Presidents of the World Bank, or investment managers generally, are rarely renaissance men or women. James Wolfensohn, who has died at the age of 86, was a glittering exception.
Not only did he transform the hidebound Washington-based global assistance organisation, he also revived the finances and artistic breadth of two major US concert venues, Carnegie Hall in New York and the Kennedy Center for the Performing Arts in Washington, while finding the time to learn the cello at the knee of Jacqueline du Pré and performing with the likes of Yo-Yo Ma and Bono.
That he shook up the World Bank is beyond dispute. As only the third person to serve as president for two full terms — from 1995 to 2005 — and the first after Robert McNamara, president from 1968 to 1981, he was given the time to do so. His legacy stands on an entirely different level to the bankers and politicians who served as presidents in between the two men.
Wolfensohn enthusiastically sought the job. Armed with impressive endorsements from the financial and political worlds, he lobbied then-US president Bill Clinton for it. The fact that, having travelled extensively in developing countries, he was passionate about global inequities, as was Mr Clinton, greatly helped his cause. So, too, did the fact that the Bank had been in something of a rut since McNamara retired.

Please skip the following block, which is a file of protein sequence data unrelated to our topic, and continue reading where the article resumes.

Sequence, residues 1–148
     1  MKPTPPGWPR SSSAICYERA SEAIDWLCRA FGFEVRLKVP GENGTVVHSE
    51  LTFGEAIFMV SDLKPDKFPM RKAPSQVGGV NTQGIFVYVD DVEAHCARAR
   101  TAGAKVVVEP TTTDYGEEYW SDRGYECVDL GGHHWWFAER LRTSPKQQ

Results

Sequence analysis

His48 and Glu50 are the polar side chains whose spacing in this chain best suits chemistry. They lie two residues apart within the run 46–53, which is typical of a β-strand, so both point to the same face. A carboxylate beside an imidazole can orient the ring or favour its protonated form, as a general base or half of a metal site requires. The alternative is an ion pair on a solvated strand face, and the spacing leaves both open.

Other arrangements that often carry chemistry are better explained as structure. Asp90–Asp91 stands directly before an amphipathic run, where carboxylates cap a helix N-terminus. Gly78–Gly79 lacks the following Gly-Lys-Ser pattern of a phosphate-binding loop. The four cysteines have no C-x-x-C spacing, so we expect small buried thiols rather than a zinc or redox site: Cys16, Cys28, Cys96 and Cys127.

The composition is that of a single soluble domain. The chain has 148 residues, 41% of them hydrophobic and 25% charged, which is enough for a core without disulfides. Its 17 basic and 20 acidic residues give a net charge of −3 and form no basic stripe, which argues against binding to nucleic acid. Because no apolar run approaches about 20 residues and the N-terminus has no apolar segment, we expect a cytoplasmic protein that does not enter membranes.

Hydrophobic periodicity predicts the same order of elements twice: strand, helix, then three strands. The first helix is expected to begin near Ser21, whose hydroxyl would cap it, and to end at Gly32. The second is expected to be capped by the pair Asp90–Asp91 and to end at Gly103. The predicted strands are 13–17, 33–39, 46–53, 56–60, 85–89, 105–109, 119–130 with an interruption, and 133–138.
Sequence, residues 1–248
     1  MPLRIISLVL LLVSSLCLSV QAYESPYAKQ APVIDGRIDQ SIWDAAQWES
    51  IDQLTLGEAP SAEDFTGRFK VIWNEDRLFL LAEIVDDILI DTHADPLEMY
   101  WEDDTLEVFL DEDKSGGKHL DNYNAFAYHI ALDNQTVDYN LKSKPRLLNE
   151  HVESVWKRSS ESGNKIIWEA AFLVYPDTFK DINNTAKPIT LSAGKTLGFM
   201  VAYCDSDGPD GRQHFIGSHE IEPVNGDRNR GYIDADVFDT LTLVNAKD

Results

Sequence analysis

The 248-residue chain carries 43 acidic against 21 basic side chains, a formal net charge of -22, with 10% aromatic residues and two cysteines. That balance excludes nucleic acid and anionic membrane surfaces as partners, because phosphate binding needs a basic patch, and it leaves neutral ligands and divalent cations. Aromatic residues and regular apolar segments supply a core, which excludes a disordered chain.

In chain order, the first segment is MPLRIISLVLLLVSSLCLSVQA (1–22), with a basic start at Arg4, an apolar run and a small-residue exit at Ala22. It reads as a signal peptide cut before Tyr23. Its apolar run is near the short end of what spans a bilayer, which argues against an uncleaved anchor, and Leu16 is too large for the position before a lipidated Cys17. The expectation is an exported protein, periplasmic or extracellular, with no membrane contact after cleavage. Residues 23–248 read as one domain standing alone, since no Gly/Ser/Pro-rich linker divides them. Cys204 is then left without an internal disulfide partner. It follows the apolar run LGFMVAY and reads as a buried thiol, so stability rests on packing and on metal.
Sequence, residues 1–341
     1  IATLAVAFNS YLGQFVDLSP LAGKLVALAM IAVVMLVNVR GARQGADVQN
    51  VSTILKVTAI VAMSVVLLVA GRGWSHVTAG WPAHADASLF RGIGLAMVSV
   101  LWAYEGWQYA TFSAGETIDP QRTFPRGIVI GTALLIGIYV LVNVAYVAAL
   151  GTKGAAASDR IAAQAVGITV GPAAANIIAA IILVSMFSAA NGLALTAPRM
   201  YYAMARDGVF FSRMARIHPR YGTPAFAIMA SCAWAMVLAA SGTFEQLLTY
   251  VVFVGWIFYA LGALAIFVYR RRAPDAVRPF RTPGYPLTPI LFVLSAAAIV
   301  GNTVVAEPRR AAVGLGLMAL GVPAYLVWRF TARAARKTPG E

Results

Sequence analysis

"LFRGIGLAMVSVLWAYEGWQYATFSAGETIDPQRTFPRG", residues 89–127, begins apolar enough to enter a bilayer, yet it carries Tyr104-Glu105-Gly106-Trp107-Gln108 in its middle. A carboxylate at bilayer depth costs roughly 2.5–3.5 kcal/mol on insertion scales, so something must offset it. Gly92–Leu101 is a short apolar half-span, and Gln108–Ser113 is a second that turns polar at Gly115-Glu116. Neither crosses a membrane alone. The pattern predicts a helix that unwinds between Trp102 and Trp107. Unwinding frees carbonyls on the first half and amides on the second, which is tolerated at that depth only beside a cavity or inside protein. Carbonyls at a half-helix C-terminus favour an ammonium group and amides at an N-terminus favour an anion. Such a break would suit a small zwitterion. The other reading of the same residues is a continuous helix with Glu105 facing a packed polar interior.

Wolfensohn came to the World Bank at a difficult time. Protesters had disrupted its annual meeting in 1994, arguing that the Bank should be abolished. The Bank was beset by controversy over its lending for large dams. An internal review had also recently concluded that the outcomes of more than a third of its projects were “unsatisfactory”.
At the same time, the Bank was struggling with the transformation of the former communist countries of central and eastern Europe and the former Soviet Union. Yet, perhaps most important was the crisis of the poorest countries, which were paying more back in debt service than they were receiving in new loans or aid.